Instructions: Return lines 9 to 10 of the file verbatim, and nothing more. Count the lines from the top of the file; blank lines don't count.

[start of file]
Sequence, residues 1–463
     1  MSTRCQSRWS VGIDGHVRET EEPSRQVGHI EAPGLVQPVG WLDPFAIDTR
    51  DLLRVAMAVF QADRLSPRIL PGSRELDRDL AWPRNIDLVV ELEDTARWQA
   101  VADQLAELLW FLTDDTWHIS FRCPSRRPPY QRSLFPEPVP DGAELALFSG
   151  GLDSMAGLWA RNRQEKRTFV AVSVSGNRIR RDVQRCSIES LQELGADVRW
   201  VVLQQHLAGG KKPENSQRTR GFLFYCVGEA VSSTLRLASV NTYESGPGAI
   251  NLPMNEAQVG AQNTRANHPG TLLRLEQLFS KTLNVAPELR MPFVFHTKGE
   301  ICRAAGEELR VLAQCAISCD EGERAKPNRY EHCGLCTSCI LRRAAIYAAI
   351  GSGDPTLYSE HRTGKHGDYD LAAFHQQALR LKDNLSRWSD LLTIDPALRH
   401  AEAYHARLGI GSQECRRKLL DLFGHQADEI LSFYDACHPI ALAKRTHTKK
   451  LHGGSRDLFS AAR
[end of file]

   351  GSGDPTLYSE HRTGKHGDYD LAAFHQQALR LKDNLSRWSD LLTIDPALRH
   401  AEAYHARLGI GSQECRRKLL DLFGHQADEI LSFYDACHPI ALAKRTHTKK